Pet therapy in a hospice setting provides comfort, support, and companionship through the use of an animal. Samaritan offers pet therapy through already-certified dogs because seeing and touching a furry friend brings peace and joy to families and is a welcome distraction from serious illness and end of life.
Meet Samaritan’s pet therapy dogs:
STANLEY, TIBERIUS AND GUS
Stanley, Tiberius and Gus are owned by Curt Merker.
Stanley, a 15-month-old rescue pit bull, is the most recent addition to this loving pack and is following in the footsteps of his two dog brothers by going on five pet therapy visits so far. Stanley loves people and playing with Gus. When he’s not at play, loves to stay by Curt’s side. He isn’t a fan of other dogs barking.
Tiberius, rescued from the Burlington County Animal Shelter, is a 10-year-old pit bull boxer mix that likes people, dogs, car rides, swimming, and soft pretzels. Ty, despite disliking rain and cold weather, has completed 1,200 visits in his career as a pet-therapy dog so far. He’s a member of the Alliance of Therapy Dogs, Pin Ups for Pit Bulls, and Crisis Response Canines.
As a member of Crisis Response Canines he’s traveled around the country after mass shootings to give emotional support to wounded police, first responders, and families.
Curt says, “We didn’t want Tiberius to be just another family dog. We felt the need to share him so others could experience the love he gives every day.”
Gus is a four-year-old shepherd husky mix rescued from a shelter in Waco, TX, loves cold weather, playing fetch, and visit schools, but dislikes flying insects. He’s extremely laid back and has completed more than 706 visits in three and a half years. As with Ty, he visits hospitals, nursing homes, rehab facilities, schools, conventions, conferences, and other special events. Gus is also a member of the Alliance of Therapy Dogs and Crisis Response Canines.
Curt adds, “We got Gus because we knew Ty was getting older and wanted to continue our therapy work for years to come. We expanded our visits to include Samaritan because we knew our dogs could help families take their minds off their emotional situation – even if for only five or ten minutes.”
Mindy Brooks is “mom” to seven-year-old Golden Doodle, Oprah. Oprah loves balls, toys, cuddling, long walks, her family, and helping others. Mindy, who already volunteered for Samaritan visiting patients and families as a way to give back after the care the organization provided for her mom, wanted to also spend more time with her pup. Therefore, she decided to get Oprah certified as a pet therapy dog. “Now I could do both, a win-win!” says Mindy.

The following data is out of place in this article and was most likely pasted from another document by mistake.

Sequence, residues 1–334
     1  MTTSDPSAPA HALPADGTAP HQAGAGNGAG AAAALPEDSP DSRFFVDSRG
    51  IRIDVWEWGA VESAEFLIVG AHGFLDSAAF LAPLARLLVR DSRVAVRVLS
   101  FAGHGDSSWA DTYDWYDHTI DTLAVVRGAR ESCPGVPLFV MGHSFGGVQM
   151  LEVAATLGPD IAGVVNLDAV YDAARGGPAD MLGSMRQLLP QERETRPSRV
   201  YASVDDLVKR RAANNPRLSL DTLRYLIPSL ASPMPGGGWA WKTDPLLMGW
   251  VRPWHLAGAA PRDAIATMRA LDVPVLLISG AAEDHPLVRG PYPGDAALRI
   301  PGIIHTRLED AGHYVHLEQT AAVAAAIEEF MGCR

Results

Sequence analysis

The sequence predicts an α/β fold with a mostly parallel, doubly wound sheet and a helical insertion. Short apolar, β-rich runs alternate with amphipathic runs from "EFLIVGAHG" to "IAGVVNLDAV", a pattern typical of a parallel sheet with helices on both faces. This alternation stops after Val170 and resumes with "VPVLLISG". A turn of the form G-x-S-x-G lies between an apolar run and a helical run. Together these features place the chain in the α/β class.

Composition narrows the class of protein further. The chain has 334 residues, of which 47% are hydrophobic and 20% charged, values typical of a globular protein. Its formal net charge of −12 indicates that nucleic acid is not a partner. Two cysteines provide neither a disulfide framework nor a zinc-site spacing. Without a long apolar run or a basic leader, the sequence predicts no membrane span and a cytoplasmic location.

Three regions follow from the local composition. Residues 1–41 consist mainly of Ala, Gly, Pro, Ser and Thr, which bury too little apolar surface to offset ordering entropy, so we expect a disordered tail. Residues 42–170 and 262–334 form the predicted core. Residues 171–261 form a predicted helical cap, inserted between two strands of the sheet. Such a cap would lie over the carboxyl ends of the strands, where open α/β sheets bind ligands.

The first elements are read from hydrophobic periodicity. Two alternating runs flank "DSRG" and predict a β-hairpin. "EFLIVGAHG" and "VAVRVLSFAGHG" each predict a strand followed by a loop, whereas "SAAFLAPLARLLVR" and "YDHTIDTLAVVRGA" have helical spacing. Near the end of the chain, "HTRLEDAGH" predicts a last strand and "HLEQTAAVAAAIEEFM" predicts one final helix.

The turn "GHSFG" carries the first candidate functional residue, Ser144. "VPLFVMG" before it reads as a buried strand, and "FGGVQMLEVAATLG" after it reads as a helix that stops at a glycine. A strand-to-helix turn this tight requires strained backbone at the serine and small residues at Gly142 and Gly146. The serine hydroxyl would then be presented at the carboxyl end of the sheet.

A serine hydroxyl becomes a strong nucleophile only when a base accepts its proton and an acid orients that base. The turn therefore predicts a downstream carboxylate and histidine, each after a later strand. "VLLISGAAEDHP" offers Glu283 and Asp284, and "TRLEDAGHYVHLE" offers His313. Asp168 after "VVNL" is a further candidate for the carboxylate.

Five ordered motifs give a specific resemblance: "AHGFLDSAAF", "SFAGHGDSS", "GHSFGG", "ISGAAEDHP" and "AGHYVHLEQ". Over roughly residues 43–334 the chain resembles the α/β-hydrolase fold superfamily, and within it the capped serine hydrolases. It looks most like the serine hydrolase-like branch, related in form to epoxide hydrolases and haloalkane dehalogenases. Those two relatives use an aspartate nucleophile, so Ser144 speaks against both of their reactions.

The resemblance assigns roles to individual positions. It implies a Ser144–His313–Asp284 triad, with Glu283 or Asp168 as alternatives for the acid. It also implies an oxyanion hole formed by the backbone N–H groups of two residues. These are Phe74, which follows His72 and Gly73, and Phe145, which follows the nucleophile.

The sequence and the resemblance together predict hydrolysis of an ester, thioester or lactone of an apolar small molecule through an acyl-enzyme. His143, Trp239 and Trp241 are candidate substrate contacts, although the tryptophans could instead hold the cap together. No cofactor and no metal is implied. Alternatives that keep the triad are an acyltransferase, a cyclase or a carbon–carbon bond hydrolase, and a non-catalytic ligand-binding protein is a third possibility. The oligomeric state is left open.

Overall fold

She also adds, “Oprah intuitively knows what people need and always has a smile on her face. It’s an honor and a privilege to be part of patient’s lives and give them a reason to smile.”
Hank and owner, Barbara Ogle, started volunteering at Samaritan because “it’s rewarding to brighten the lives” of Samaritan patients and families. Hank, an eight-year-old Golden Doodle, loves to cuddle and chase squirrels, rabbits, and deer. He, however, does not like water and doesn’t know how to swim!
Barbara rescued Hank at two years old. He was living in a crate – severely neglected and malnourished. She says, “as soon as I petted him, he became a Velcro dog and wanted love. I saw so much potential in him.”
Barb adds: Volunteering for Samaritan feels like I am working with family.
Maria Gifford knew Django, a golden retriever, was the puppy for her when he waited patiently for his meal and found her easily as she played a game of hide and seek with him. At the time, he was only five weeks old. Now, three years old, he likes going on walks, sniffing everything, and swimming and running agility courses.
Django, a member of the Alliance of Therapy Dogs and the American Kennel Club, is extremely happy to sit with patients and their families for as long as they need. Maria says, “As I watch people smiling as they pet him and forgetting where they were going or what they were doing just before they stopped to pet him, I realize he has a gift to mentally transport someone out of his/her element, if only for a short time.”
Maria decided to volunteer for Samaritan because the organization cared for both of her parents. “The comfort and compassion the staff showed our family was such a gift to us it only makes sense to pay that gift forward to other Samaritan families,” she says, so “volunteering feels right.”